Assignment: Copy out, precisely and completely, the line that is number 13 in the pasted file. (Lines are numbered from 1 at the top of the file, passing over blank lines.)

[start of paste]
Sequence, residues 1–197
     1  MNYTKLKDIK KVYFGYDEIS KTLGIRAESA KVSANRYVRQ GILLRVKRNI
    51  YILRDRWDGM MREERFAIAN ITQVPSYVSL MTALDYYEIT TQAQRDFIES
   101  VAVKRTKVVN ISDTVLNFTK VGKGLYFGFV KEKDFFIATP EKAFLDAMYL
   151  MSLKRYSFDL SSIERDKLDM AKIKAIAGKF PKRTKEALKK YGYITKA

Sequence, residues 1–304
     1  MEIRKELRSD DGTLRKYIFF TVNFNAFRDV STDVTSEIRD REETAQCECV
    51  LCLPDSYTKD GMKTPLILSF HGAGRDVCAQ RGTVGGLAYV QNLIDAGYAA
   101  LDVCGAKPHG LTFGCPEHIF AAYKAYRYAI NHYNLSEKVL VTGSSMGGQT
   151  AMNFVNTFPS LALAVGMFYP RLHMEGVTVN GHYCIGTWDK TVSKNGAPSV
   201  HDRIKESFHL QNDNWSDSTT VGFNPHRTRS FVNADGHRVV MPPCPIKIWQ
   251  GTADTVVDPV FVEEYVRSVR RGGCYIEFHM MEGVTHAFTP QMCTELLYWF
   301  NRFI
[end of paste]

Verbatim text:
   301  NRFI